Wednesday, December 9, 2009

Brookings Cycling Symposium

Last night my colleagues and I attended a symposium at the Newseum entitled, "Cities, Bicycles, and the Future of Getting Around". The event gathered some of the most active, passionate, and forward thinking bike advocates in the country including Tim Blumenthal from Bikes Belong, Portland's Bicycle Coordinator Roger Geller, and even our very own Chris Eatough from BikeArlington. (photo courtesy of League staff)

The symposium opened with David Byrne of the Talking Heads, who recently published his book, Bicycle Diaries. David began with a photo of Columbia, MD where his elderly parents now live and are stranded due to the autocentric design of the community. He then went on to highlight some of his favorite books including Twenty Minutes in Manhattan, The Death and Life of Great American Cities, and hmmmm ...damn it, I can't remember the third book. At any rate, he continued with a photo diary of his travels around the world on bike, identifying those places that have successfully created streets with people and community in mind.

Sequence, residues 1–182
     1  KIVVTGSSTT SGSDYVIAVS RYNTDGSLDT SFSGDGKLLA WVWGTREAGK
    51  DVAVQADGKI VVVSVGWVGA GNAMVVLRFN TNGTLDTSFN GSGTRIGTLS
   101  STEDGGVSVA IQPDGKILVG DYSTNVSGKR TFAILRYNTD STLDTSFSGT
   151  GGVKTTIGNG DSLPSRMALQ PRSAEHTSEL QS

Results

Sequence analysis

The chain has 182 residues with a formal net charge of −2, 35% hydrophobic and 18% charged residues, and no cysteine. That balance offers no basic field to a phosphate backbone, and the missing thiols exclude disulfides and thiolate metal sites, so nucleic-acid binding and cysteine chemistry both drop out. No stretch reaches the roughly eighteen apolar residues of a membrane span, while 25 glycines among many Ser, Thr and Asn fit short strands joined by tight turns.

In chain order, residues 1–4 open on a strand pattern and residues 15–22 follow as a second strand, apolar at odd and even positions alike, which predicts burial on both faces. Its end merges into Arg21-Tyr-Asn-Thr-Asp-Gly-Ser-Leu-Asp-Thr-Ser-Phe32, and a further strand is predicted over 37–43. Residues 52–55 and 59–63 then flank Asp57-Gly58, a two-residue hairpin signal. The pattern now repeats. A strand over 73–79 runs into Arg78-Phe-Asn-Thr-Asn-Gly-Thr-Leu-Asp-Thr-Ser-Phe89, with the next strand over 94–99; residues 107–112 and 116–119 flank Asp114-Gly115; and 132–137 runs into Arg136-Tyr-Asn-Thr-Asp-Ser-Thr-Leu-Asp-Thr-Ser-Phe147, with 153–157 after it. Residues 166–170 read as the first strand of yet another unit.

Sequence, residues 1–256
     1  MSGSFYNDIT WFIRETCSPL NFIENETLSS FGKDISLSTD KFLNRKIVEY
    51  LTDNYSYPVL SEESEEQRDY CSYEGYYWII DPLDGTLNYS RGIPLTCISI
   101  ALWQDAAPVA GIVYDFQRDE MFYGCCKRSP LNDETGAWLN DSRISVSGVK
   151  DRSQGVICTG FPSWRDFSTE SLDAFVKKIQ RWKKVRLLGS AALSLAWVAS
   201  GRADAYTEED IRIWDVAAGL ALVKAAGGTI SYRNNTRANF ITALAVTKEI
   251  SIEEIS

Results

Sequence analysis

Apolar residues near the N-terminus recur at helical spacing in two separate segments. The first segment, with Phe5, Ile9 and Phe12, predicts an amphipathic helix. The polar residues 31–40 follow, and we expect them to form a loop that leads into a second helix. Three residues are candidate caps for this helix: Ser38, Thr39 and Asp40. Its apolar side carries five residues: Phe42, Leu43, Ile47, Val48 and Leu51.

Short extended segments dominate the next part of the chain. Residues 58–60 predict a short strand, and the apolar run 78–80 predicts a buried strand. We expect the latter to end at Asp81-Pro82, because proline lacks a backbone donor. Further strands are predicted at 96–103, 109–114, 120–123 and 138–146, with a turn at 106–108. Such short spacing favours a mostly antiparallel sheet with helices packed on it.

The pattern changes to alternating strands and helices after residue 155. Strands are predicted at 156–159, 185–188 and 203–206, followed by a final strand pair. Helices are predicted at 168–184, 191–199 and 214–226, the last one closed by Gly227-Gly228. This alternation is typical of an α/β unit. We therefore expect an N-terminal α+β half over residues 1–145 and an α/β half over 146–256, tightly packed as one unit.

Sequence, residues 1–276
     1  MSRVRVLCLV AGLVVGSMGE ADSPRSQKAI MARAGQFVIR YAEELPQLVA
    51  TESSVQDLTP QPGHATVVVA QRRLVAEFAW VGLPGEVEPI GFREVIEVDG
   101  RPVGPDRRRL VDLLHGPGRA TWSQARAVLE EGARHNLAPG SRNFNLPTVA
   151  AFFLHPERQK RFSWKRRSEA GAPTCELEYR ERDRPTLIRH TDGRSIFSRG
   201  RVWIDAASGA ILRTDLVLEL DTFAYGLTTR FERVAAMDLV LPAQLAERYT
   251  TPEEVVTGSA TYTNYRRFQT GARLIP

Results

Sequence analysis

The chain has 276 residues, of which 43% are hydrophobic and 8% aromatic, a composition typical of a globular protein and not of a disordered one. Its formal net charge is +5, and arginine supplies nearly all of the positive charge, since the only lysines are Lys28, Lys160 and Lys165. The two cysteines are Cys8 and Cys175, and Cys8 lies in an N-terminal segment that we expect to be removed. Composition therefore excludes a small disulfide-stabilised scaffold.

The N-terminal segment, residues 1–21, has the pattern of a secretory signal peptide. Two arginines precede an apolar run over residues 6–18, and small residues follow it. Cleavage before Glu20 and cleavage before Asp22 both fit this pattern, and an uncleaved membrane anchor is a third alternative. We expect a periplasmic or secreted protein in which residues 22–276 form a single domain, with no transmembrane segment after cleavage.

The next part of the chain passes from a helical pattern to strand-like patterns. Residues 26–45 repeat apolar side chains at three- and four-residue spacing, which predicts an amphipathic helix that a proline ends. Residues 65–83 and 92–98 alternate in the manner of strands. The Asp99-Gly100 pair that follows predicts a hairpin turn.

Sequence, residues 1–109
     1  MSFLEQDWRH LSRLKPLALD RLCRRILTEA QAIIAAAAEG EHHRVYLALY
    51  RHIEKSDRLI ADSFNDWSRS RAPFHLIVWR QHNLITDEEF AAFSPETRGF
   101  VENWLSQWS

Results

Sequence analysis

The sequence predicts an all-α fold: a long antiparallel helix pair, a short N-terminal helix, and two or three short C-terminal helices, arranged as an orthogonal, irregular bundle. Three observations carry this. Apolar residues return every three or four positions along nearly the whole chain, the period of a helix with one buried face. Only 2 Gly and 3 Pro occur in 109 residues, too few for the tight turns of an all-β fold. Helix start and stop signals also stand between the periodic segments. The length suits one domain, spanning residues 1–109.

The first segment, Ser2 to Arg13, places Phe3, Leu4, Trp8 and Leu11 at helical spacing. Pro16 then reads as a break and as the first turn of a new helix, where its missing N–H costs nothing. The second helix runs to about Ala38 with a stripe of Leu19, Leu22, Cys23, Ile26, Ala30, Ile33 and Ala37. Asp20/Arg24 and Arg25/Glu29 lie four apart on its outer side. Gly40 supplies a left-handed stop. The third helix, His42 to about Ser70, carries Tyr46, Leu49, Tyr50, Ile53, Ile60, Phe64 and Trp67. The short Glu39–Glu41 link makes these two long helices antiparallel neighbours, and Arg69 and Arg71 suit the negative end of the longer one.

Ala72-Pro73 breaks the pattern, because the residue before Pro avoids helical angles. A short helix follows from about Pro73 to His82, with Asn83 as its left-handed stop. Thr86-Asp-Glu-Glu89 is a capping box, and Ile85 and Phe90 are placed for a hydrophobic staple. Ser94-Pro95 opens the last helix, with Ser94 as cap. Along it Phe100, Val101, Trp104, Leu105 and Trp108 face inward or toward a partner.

Following David, Congressman Earl Blumenauer (an icon in the world of bike policy) opened with what he proclaimes to be the universal question of bike advocates ...and it goes something like this: "How many people are currently stuck in traffic on their way to ride a stationary bike at the gym?". A perverse notion, indeed. He then went on to talk about the new bill he recently introduced to congress that would create $2 billion dollars in federal funds for investments in active transportation. Blumenauer described the cyclist as an indicator species of a healthy community. The hobby ecologist in me loves eco-metaphors.
Jannette Sadik-Kahn, commissioner of the New York city Department of Transportation, closed things up with the announcement the launching of "Cities for Cycling", a new coalition of cities pushing for rapid improvements in bikeway design. Recognizing the lack of federal attention to the issue, the coalition aims to assist transportation planners as they create innovative bikeways by providing them with technical guidance on best practices that have been observed in some of America's most bicycle friendly cities.

Sadly, I forgot my camera at the office and missed a photo op. with David Byrne. Hopefully my quick sketch will suffice. I drew it from memory, so it might not be very accurate.


mikejoos said...

David Byrne is looking a little skinny… I dare say eating disorder?

Anonymous said...

beautiful illustration. you kill me.-k.n.